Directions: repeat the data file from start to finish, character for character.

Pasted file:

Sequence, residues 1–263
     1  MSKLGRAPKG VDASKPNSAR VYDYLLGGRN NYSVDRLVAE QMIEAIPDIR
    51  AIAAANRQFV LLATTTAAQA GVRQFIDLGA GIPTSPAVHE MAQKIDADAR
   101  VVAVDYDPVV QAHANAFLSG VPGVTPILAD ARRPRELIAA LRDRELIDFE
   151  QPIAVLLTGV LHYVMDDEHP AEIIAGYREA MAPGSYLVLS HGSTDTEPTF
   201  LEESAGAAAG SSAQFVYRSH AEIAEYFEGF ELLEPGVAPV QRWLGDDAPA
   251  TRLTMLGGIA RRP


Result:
Sequence, residues 1–263
     1  MSKLGRAPKG VDASKPNSAR VYDYLLGGRN NYSVDRLVAE QMIEAIPDIR
    51  AIAAANRQFV LLATTTAAQA GVRQFIDLGA GIPTSPAVHE MAQKIDADAR
   101  VVAVDYDPVV QAHANAFLSG VPGVTPILAD ARRPRELIAA LRDRELIDFE
   151  QPIAVLLTGV LHYVMDDEHP AEIIAGYREA MAPGSYLVLS HGSTDTEPTF
   201  LEESAGAAAG SSAQFVYRSH AEIAEYFEGF ELLEPGVAPV QRWLGDDAPA
   251  TRLTMLGGIA RRP